There is probably still time be the first in the race for your local or state campaign to win the election. (But not for too much longer.)
So why is it useful to announce first? If you announce first, you’ll receive press about your candidacy with no mention of anyone else, because you have no opponents … yet.
Later, when opponents jump into the race, the headline will be that s/he’s filing to run against you. By announcing first, you’ve reserved space for yourself in every single news story that’s going to be written about the race for the election.
When you announce first, the headline will be something like “Karen Green to Run for Mayor“. When your opponent(s) announces, it will be “_____ Files to Run Against Green for Mayor. The local paper has effectively “framed” the election to always include you in all headlines and stories regarding all potential opposing candidates!
Now newspapers, particularly local papers many of which are suffering from decreasing readers and reduced publication frequencies, may not be the source of the huge amount of voter influence they once were. But a winning campaign is built upon successfully optimizing all channels. As a caution, first time candidates often become fixated on newspapers and think that getting their name in the headlines will win the race for them. But, actually, smaller local newspapers are becoming less impactful to local races. This does not mean ignore newspapers, just make sure that you’re realistic about their influence on the voters. It is your job as a candidate to educate and inform the potential voters, do not rely on the newspaper.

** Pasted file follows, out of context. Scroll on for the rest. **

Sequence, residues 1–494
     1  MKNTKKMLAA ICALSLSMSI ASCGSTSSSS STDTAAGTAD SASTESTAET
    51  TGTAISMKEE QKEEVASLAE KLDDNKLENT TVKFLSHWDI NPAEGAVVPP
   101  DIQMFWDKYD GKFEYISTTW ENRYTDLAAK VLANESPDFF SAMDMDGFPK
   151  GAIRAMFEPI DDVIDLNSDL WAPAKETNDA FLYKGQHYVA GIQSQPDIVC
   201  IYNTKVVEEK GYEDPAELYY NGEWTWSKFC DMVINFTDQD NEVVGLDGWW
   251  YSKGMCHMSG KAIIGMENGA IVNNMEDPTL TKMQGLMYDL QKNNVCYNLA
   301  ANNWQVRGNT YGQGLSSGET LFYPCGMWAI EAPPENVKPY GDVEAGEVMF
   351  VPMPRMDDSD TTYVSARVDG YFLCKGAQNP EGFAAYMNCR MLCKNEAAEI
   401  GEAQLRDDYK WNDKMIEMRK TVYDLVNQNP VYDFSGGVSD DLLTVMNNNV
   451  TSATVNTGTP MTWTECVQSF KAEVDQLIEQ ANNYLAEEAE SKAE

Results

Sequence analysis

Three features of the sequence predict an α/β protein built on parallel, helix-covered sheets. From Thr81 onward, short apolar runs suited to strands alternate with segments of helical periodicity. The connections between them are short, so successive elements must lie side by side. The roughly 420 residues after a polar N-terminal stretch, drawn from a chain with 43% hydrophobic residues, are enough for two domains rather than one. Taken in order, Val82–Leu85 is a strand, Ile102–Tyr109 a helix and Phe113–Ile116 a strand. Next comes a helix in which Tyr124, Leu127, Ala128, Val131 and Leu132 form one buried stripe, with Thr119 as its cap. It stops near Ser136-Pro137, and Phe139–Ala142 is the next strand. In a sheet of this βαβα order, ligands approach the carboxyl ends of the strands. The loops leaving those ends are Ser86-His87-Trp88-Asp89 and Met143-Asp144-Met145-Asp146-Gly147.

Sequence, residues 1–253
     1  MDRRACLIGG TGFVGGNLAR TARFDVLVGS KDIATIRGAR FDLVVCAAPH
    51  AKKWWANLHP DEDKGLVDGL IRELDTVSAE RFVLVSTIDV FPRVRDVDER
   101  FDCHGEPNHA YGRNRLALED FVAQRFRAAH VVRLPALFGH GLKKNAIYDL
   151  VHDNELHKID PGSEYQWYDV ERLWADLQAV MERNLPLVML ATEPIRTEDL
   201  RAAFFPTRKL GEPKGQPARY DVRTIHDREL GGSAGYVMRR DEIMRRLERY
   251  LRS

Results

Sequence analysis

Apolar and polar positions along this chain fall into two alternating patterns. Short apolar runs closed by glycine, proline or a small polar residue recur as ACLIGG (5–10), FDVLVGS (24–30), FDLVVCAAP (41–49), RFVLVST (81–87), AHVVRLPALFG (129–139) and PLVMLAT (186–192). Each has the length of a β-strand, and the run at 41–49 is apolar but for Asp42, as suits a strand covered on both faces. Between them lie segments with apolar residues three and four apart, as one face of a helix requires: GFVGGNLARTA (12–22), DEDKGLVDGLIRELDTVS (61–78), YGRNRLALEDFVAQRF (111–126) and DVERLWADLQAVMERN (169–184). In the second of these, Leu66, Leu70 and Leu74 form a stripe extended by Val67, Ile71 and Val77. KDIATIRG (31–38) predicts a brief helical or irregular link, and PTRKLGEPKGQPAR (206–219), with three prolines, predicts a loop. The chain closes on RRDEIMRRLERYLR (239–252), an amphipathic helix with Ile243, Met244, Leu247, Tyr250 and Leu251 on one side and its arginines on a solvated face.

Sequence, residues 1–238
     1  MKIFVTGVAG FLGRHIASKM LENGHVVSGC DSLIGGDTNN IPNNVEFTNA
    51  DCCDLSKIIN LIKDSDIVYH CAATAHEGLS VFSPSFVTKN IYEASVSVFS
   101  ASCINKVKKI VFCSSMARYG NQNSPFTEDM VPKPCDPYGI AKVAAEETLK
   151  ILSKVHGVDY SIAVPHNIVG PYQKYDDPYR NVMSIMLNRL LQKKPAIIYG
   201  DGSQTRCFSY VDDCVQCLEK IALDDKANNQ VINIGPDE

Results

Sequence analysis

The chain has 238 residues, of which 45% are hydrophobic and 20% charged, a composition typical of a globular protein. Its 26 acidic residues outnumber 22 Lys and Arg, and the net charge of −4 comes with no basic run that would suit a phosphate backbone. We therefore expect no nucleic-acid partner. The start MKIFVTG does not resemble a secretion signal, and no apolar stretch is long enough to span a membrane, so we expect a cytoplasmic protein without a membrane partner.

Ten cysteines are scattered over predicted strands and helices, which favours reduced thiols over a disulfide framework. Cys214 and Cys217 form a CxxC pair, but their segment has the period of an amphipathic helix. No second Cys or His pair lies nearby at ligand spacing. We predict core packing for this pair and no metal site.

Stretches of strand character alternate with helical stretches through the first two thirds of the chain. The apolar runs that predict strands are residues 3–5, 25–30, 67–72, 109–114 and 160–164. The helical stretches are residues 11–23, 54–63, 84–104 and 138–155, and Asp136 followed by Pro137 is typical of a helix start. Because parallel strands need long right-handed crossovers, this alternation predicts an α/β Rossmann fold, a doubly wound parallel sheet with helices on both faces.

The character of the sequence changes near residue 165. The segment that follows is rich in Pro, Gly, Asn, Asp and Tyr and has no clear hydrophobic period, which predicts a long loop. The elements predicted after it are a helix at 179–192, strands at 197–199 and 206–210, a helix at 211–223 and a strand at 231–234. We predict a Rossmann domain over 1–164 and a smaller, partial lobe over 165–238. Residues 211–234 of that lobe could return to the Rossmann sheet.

That said, there is only one candidate who gets to announce first, and gains the competitive advantage of beginning the race for office that “frames” all the the following candidates. The cost of being first is small, get it!